To abbreviate text that contains capital letters, you can try this array formula based on the TEXTJOIN function, a new function available in Office 365 and Excel 2019. You can use this approach to create initials from names, or to create acronyms. Only capital letters will survive this formula, so the source text must include capitalized words. You can use the PROPER function to capitalize words if needed.

In the example shown, the formula in C5 is:


Generic formula



Working from the inside out, the MID function is used to cast the string into an array of individual letters:


In this part of the formula, MID, ROW, INDIRECT, and LEN are used to convert a string to an array or letters, as described here.

MID returns an array of all characters in the text.

{"W";"i";"l";"l";"i";"a";"m";" ";"S";"h";"a";"k";"e";"s";"p";"e";"a";"r";"e"}

This array is fed into the CODE function, which outputs an array of numeric ascii codes, one for each letter.

Separately, ROW and INDIRECT are used to create another numeric array:


This is the clever bit. The numbers 65 to 90 correspond to the ascii codes for all capital letters between A-Z. This array goes into the MATCH function as the lookup array, and the original array of ascii codes is provided as the lookup value.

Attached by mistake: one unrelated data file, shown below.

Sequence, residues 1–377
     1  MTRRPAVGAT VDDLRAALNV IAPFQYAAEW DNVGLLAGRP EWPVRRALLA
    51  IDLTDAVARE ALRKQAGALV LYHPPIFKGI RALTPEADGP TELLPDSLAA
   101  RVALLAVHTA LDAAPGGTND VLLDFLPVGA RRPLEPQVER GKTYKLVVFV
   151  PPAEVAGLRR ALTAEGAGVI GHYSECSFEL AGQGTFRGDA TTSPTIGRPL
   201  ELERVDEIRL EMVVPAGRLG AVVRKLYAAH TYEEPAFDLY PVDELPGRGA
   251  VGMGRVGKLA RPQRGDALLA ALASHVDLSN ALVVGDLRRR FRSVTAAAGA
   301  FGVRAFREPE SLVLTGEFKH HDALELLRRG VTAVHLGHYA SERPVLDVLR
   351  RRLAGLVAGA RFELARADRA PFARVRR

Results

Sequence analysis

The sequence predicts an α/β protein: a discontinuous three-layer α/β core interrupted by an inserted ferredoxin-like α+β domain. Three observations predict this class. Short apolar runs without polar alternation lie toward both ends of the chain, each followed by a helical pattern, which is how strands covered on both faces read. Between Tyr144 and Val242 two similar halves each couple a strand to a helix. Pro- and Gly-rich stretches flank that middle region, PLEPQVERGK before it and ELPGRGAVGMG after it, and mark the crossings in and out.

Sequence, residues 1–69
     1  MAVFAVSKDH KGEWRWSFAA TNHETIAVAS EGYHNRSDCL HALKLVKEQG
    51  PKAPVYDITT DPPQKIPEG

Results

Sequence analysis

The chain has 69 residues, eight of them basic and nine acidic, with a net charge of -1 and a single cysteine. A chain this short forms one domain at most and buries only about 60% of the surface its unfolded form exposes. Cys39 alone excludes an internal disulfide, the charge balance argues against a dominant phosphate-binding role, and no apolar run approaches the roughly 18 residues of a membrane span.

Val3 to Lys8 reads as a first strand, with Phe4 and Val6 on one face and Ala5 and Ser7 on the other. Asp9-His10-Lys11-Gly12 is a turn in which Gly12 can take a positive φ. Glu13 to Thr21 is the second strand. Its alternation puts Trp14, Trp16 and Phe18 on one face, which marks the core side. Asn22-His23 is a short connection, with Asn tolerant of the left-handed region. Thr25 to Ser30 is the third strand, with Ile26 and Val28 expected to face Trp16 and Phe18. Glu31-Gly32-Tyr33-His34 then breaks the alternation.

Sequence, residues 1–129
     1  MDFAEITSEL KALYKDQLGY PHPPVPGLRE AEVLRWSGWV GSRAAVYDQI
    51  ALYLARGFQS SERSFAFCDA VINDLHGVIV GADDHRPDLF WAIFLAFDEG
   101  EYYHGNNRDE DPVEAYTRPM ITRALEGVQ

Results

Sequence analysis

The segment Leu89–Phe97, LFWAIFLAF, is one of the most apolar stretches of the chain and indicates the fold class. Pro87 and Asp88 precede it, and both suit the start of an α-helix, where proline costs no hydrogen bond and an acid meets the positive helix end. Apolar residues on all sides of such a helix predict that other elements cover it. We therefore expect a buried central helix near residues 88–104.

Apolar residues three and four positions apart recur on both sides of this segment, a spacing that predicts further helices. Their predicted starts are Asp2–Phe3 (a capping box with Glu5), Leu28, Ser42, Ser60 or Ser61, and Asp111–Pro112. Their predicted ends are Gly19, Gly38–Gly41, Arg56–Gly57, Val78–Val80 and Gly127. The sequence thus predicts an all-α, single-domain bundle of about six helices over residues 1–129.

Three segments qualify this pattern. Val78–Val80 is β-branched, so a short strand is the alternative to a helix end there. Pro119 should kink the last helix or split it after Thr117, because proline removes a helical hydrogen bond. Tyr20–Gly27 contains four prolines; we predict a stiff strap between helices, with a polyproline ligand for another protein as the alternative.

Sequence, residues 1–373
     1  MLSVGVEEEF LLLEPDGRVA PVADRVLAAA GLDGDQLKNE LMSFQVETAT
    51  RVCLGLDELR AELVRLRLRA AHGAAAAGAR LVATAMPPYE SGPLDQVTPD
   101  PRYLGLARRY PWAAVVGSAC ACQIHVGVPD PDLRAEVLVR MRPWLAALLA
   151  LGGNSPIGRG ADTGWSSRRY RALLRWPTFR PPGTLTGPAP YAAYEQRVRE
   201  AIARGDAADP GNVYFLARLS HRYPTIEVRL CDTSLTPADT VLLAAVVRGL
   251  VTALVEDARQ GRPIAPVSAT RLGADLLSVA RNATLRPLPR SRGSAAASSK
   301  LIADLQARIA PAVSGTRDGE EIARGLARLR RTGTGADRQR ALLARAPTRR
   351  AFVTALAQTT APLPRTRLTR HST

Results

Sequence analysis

MATCH then returns either a number (based on a position) or the #N/A error. Numbers represent capital letters, so the ISNUMBER function is used together with the IF function to filter results. Only characters whose ascii code is between 65 and 90 will make into the final array, which is then reassembled with the TEXTJOIN function to create the final abbreviation or acronym.

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Dave Bruns

Hi - I'm Dave Bruns, and I run Exceljet with my wife, Lisa. Our goal is to help you work faster in Excel. We create short videos, and clear examples of formulas, functions, pivot tables, conditional formatting, and charts.